Fathers and mothers must augment that kind of confession in their children. None can be as loyal as a child, none as heroic, none as susceptible to indignation. Unfortunately all parents do not observe that, and do not assist their children in a constant confessing. Father, well, he once “made his confession.” And mother “attends communion,” but for the rest, she seems to take Jesus for granted.
If that is your attitude, parents, how will your child ever learn to confess? You know he must be encouraged to persist in making his confession constant. You know how hard it is for him to do that. Nothing hurts a child quite as much as to be laughed at by his fellows. There is quick justice in the world of children. They make their verdicts, pass sentences, and enforce them. Sometimes they enforce them by teasing, sometimes by vexing, and sometimes by coming directly to blows.
Your child needs encouragement. Stop to appreciate his situation. He leaves home to make contact with the world, and does so with the sure conviction that Jesus is supreme always and everywhere. Then he learns it is exactly because of his conviction that he is to be called into court by his fellows. That awareness shocks him and fills him with fear and temerity. If in that crisis you fail to sustain him by your love and your prayers, it is most likely that when he next hears his Jesus insulted, he will be less courageous in rallying to the defense. Later he will say nothing, and finally he will join with his comrades in laughing at some other boy.
Hence parents and teacher have a weighty responsibility in this matter. It would be quite appropriate if catechism classes and sermons were made more emphatically encouraging to young confessors. Do not forget that courage is a singular quality. Once it has gone, it seldom returns. Yet it is a noble quality of the soul, and without it there can be no true confession.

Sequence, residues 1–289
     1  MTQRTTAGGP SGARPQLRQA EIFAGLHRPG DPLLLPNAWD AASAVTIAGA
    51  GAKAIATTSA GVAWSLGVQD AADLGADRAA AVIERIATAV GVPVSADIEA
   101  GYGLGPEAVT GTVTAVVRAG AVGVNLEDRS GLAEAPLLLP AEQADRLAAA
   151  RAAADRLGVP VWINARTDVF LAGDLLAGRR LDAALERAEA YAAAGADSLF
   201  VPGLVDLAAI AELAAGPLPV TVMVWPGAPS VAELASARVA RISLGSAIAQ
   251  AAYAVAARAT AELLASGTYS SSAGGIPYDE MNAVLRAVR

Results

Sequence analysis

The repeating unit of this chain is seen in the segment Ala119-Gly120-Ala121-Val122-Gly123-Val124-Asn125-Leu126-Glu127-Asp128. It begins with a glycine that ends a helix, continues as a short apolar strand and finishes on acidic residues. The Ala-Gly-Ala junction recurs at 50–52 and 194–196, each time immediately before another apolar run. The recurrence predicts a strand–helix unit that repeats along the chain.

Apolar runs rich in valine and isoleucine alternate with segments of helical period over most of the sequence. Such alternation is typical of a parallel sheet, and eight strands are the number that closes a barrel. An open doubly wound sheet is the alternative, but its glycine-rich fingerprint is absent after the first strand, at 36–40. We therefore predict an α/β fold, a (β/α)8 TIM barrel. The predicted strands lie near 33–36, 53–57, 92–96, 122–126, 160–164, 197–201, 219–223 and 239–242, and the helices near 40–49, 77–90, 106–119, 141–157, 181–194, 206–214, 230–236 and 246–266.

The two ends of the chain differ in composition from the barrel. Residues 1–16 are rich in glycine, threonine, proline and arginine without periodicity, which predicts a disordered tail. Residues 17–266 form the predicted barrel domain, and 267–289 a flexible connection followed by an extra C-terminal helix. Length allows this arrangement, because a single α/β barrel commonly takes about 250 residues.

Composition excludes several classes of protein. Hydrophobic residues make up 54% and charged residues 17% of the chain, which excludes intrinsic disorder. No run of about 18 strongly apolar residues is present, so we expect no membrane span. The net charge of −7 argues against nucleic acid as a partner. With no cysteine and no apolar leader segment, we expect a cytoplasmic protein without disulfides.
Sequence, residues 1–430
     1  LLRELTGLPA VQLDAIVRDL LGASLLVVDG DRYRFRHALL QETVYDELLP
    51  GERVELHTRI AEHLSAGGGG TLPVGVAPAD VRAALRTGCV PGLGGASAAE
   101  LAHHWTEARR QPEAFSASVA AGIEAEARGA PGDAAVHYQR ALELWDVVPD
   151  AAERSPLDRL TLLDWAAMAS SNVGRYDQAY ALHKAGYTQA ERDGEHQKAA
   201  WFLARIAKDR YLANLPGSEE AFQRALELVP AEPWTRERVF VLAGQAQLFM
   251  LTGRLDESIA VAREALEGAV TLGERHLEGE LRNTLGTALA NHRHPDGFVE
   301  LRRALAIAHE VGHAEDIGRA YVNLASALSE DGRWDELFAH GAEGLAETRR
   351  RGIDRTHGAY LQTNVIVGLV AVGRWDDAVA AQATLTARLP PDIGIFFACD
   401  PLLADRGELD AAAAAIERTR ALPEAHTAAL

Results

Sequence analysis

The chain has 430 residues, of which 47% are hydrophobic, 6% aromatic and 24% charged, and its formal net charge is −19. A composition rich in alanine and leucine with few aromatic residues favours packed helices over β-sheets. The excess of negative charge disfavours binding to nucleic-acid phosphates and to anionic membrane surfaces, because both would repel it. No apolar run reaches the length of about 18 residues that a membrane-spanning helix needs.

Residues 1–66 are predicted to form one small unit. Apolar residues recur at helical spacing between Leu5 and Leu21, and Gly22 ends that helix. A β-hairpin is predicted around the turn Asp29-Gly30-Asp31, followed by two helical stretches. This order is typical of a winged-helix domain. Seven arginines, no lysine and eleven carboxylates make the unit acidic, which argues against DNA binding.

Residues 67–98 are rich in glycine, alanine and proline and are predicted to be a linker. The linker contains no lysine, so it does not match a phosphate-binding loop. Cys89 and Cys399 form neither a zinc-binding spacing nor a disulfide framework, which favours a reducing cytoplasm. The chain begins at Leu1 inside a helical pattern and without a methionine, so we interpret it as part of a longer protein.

Here is a young man who has become twenty years of age. He has never risen to defend his Lord, has never by his actions testified for him, and has never sacrificed for Jesus. Now, having almost attained the legal age of maturity, he is accepted by his pastor, and he says yes before the congregation. He has “made his confession.” But who would dare to call that a confession what obviously was a mere formal observance of a custom! No heroic courage entered into it, unless it was the courage to defy the embarrassment of rising before so large a group of people. And of genuine ardor, of heartfelt zeal, there was nothing at all.
Indeed, no ever truly confessed whose experience as a child and as a youth was not characterized by frequent confessions of his Lord. He must have been previously mocked, despised, blasphemed, beaten, perhaps. He must have persevered courageously in spite of these, being motivated solely by his love for and his loyalty to Jesus. His public confession then represents a public expression of what he has long fostered in his heart. This is the true confessions of every young man and of every young woman. A young woman too, although manifesting it less drastically than a young man, should be full of courage, of loyalty, and of love, and should never allow herself to deny her Jesus.